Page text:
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11 November 2013

Hauraki Gulf Cruising Notes: Kaitu Kala Islands

The Kaitu Kala Islands - Sibling rivalry over copper, a ship wreck and plenty of gulls. What more could you possibly want.
36°28'S 174°48'E

The Kaitu Kala Islands are located to the south of Kawau Island and north-east of Mahurangi Harbour.
Via Land Information New Zealand - Crown Copyright Reserved.
You know how it is, sometimes little sisters get so often overlooked. Kawau Island is such a popular anchorage and day-trip from the mainland (and rightfully so), that sometimes the smaller, neighboring Kaitu Kala Islands get overlooked. But not to worry, I'm here to put that right. All you little sisters out there can thank me. So here we go. There are three islands that are part of this grouping:
  • Motuketekete (Food Basket) Island
  • Moturekareka (Pleasant) Island
  • Motutara (Gull) Island
I've seen a fourth island mentioned, Kohatutara, which joins up to Moturekareka and Motutara Islands during low tide, but don't see it on the chart above. Not sure what that's about, but I'll go with what the chart says.

I first came across mention of Motuketekete Island on the very informative Timespanner website (great resource if you're interested in the history of Auckland). Turns out there was a bit of tension between Motuketekete and Kawau Island in the mid-1800s over the issue of copper mining. Kind of like when brothers and sisters fight. Copper was discovered on Kawau by accident when they were looking to extract manganese. Copper mining operations were established in 1844 and ran until 1852 with two rival companies working the same body of ore on Kawau Island. The two chaps who headed up the rival copper mining operation (Frederick Whittaker and Theophilus Heale) encountered quite a bit of hostility from the existing outfit on the island. They were told that their miners couldn't sleep on Kawau Island at night so they had to ferry them back and forth from Motuketekete Island (which they bought in 1850). Seem a bit churlish to me, but when money is involved then sometimes people aren't on their best behavior. At the height of the mining, there were over 300 folk living on Kawau with mining villages at Mansion House, Two House Bay, Sunny Bay, Schoolhouse Bay, Dispute Cove and Miners Bay.


Heale & Whittaker - courtesy of Timespanner 

In an attempt to make it easier to ship the ore to the Northern Hemisphere, two copper smelting houses were built - one on Motuketekete and one on Kawau. Unfortunately, the copper ore became increasingly difficult to extract as they had to constantly pump out water from the mine workings. Eventually, the copper ore was all tapped out and the mining operations shut down. It must have been profitable when they were operating, however, as a report from the Southern Cross in 1852 reports that on Captain Heale's Island (or Motuketekete), "The puff puff of the engine of a smelting furnace apprised us that the hand of the diligent maketh rich." And it looks like Heale and Whittaker didn't do too badly out of their purchase of Motuketekete either. They originally bought the title for ₤59, or a pound per acre, and sold it in 1855 for ₤100. The island has since changed hands a few time and is now in private ownership.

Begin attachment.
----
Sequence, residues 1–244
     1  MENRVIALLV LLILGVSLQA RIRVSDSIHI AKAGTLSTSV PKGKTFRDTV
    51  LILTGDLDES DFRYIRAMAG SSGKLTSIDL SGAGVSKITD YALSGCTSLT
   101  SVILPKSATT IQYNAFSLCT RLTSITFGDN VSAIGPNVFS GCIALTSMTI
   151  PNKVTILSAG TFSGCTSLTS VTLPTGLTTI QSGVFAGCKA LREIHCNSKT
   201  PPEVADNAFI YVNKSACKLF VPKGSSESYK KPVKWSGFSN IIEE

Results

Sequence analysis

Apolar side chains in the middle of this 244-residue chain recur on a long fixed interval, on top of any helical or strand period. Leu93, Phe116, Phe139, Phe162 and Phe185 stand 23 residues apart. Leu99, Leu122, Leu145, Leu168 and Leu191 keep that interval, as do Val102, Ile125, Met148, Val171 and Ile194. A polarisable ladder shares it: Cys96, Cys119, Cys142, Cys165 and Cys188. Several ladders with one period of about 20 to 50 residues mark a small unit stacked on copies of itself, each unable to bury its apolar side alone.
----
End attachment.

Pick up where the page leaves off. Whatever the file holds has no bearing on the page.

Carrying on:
You can find more information about Kawau Island and copper mining at the Department of Conservation's website. While you can't land on Motuketekete, you can check out the remains of the mining on Kawau Island - both in the main historic reserve and at the smaller Smelting House Historic Reserve on the north side of Bon Accord Harbour.


1880 map of Keta Keta Island (now known as Motuketekete Island) from when it was sold for ₤140 to a Matakana farmer.
From deed 64125, LINZ records, Crown Copyright. Courtesy of Timespanner.
Motuketekete isn't the only interesting island in the Kaitu Kala grouping. If you like shipwrecks, you can check out the Rewa just across the Blanche Channel and off the north-western side of Moturekareka Island. The Rewa began life in 1889 as the Alice A. Leigh, a 3,000 ton four-masted steel barque built in Cumbria in the UK. She ran the typical routes of large four-masters at the time taking cargo from India and Australia to London and the Pacific coast of North America. She was sold in 1921 to a group of New Zealand businessmen and renamed the Rewa. At that time she became the largest registered sailing ship in New Zealand. She continued to sail until 1922 when steam vessels became dominant. For eight years, she stayed off of Northcote Point in Auckland and eventually was towed off to Moturekareka in the mid-1930s and scuttled there. Today, she is a local attraction for boaties. You can find out more about Rewa's fascinating history by reading Phil Braithwaite's post here.


The Rewa today. Courtesy of Peter Tasker - check out his other great photos of the Hauraki Gulf here


And, yes, I promised you gulls. If you go to the third Kaitu Kala island, you'll find plenty of gulls. It is called Motutara or Gull Island. The name kind of gives it away. You can find the remains of an old wharf on the island and see lots of white fronted terns (or kahawai) hanging about. Motutara was once quarried in the 1930s for construction in Auckland. Nowadays, it is a peaceful spot for a picnic on the sandy beach.

So there you go, there is far more to see in the area than just Kawau Island. Next time you're in the area, make time to stop and explore the Kaitu Kala islands.

If you're interested in other posts in the "Hauraki Gulf Cruising Notes" series, check out this page.

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